What is the RhoGAM Injection Used For?

What is the RhoGAM Injection Used For?

RhoGAm is a sterilized solution that is made from human blood. Rh is a substance found in human blood (Rh-positive), but some do not have it (Rh-negative).

Rh-negative people get exposed to Rh-positive blood either during a mismatched blood transfusion or during pregnancy when the baby has an opposite blood type. Rh-negative blood responds by making antibodies that destroy Rh-positive blood cells and lead to medical problems such as anemia, kidney failure or shock.

RhoGAM prevents this immune response to Rh-positive blood in those with Rh-negative blood type.

RhoGAM is also used for the treatment of immune thrombocytopenic purpura ITP, a clinical syndrome in which the decreasing number of circulating platelets leads to easy bleeding, bruising, or extravasation of blood from the capillaries into the skin and mucous membrane.

What is the RhoGAM Injection Used For?

How is RhoGAM Given?

RhoGAM is injected either in the muscle or into the vein, in a clinic or in a hospital setting.

The blood pressure, breathing, oxygen level, and other vital signs are monitored closely after the injection is given.

During pregnancy, if RhoGAM is required, it is given at regular intervals during the last half and also after the baby is born.

To treat mismatched blood transfusion, it is given when the symptoms of immune response appear.

Frequent blood tests are required to make sure that the medicine is helping to treat the condition. The tests help the doctor to determine how long the treatment has to continue.

Precautions To Be Taken With RhoGAM

Before taking the medicine there are certain precautions to be kept in mind.

If allergic to any immune globulin, or suffering from hemolytic anemia or suffering from immune globulin A deficiency, inform the doctor.

Inform the doctor if having a history of coronary heart disease.

Also if suffering from kidney disease, diabetes, or a bleeding disorder, ask the doctor whether taking RhoGAM is safe or not.

If an Rh-negative woman becomes pregnant, it is important to inform the doctor about the exposure to Rh-positive blood in the lifetime if any.

Do not receive a live vaccine for at least 3 months after the treatment, as the vaccine would not work well during this period of time and also would not provide protection against the disease.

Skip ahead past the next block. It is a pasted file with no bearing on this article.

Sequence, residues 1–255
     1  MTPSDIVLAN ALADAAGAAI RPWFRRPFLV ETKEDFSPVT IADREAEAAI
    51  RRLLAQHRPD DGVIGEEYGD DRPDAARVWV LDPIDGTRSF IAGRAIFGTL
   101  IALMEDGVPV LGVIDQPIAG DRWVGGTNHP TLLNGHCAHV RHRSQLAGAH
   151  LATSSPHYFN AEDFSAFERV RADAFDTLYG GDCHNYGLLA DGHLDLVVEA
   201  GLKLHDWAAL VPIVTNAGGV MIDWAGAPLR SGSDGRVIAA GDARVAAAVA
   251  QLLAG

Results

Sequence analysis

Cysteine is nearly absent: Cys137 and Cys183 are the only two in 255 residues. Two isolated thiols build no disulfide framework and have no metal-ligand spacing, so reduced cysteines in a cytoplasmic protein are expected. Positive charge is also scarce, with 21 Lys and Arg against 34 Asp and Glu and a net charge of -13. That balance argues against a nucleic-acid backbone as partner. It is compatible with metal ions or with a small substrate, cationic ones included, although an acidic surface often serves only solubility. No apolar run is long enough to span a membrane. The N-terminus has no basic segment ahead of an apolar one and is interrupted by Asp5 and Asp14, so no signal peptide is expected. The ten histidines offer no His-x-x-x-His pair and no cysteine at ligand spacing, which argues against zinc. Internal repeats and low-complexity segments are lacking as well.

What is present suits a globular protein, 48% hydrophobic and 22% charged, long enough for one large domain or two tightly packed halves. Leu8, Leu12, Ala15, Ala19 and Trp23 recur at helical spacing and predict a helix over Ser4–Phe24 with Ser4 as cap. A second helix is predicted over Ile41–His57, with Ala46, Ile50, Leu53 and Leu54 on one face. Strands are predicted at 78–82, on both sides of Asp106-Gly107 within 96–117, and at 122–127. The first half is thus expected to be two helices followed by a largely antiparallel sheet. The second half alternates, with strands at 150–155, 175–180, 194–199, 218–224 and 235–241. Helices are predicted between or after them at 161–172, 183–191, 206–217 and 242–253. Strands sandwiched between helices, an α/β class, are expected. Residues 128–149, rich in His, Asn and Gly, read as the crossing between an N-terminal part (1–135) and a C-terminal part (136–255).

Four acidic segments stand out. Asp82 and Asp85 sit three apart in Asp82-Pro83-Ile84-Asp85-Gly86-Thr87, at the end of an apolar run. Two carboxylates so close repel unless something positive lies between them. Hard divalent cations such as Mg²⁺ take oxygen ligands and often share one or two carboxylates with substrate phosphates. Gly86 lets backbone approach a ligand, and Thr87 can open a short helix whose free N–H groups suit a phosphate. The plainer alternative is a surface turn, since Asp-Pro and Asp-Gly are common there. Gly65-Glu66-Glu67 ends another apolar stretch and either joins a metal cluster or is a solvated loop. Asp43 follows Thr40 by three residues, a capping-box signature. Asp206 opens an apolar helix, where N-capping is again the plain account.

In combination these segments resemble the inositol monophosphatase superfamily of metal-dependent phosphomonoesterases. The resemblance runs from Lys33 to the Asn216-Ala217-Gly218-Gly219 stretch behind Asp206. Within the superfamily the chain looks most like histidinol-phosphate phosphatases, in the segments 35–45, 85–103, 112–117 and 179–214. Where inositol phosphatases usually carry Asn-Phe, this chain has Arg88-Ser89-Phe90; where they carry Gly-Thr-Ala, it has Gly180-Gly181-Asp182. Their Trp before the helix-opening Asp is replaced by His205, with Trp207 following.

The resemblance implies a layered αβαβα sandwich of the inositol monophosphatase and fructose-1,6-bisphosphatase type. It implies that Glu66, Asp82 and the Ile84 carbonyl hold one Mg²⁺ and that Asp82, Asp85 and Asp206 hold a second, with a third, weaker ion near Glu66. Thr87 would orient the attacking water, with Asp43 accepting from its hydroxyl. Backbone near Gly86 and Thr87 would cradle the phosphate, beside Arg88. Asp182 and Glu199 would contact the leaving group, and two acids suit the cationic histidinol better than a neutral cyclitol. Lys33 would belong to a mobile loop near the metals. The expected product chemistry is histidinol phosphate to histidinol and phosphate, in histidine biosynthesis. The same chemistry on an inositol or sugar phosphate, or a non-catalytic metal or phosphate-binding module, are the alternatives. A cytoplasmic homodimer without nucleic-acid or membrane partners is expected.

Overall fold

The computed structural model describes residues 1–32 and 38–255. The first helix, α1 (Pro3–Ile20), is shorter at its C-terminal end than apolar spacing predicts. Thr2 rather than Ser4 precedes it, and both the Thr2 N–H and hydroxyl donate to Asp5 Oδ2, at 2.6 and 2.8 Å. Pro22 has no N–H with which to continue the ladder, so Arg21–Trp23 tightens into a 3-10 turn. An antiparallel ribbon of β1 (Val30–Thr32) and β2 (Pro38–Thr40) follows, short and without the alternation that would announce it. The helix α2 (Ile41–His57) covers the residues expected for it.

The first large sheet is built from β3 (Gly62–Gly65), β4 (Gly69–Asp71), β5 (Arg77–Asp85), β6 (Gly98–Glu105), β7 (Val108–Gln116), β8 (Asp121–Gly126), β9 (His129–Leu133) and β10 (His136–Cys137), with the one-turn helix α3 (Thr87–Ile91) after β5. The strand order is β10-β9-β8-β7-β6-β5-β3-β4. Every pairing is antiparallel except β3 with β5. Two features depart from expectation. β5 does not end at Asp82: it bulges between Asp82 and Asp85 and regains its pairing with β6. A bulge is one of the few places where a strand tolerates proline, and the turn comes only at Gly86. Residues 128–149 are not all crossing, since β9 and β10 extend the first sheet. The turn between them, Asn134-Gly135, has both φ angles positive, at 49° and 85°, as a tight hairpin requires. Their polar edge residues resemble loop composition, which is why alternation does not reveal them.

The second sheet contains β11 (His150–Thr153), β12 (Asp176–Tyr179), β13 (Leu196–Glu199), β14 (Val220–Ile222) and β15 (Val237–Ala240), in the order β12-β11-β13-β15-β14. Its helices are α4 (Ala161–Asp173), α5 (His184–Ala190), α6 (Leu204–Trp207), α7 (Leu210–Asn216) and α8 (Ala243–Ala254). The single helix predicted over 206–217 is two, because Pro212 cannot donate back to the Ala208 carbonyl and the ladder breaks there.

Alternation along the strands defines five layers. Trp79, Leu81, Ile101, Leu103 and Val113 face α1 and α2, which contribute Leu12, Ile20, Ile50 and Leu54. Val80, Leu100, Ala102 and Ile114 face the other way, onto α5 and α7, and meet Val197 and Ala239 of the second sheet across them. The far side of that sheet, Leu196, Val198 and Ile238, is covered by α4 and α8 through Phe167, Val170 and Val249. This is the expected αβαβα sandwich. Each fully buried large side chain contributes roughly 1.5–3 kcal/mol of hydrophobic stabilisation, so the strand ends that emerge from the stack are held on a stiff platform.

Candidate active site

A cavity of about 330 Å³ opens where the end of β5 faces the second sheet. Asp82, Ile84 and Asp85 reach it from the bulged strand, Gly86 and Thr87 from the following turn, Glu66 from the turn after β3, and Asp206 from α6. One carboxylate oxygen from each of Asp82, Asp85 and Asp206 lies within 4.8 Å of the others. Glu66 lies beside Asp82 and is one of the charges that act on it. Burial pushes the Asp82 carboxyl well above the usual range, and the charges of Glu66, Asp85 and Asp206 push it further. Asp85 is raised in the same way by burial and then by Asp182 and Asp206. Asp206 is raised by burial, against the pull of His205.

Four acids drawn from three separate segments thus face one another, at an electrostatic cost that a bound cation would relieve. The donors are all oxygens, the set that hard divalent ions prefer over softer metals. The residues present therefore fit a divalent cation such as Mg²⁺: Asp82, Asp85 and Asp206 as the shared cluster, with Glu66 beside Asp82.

RhoGAM is made from human plasma, which might contain viruses and other microorganism. Donated plasma is tested and treated to reduce the risk of infectious diseases. Discuss the risk and benefits with your doctor before taking the medication.

Side Effects of RhoGAM

The side effect are usually mild and do not affect the baby or breastfeeding after delivery.

The common side effects that might occur after taking RhoGAM injection are:

  • Nausea
  • Dizziness
  • Weakness and ill feeling
  • Mild itching and rashes
  • Joint or muscle pain
  • Increased sweating
  • Headache
  • Diarrhea and stomach pain
  • Pain and tenderness which is felt at the site of injection
  • Increased sweating
  • Flushed feeling

Contact the doctor if the following symptoms are observed:

  • Fever, weakness, red or pink urine
  • Pale and yellow skin and dark-colored urine
  • Rapid breathing, rapid heart rate, and shortness of breath
  • Little or no urination, swelling, rapid weight gain and other signs of kidney failure.

Sudden numbness. Weakness, slurred speech, problems with vision, coughing up of blood, redness, and warmth in one or both legs. These signs could indicate a blood clot that could be life-threatening.

Was this article helpful?

Yes No
×

Suggestions to Improve the Article

This article contains incorrect information.

This article does not have the information I am looking for.


I Have a Medical Question.

Ask A Doctor Now

If you are facing a medical emergency, call your local emergency services immediately, or visit the nearest ER or urgent care facility
×

Suggestions to Improve the Article

×

How Did This Article Help?

This Article Did Change My Life!


I Have a Medical Question.

Ask A Doctor Now

If you are facing a medical emergency, call your local emergency services immediately, or visit the nearest ER or urgent care facility
×

Thank you for your feedback.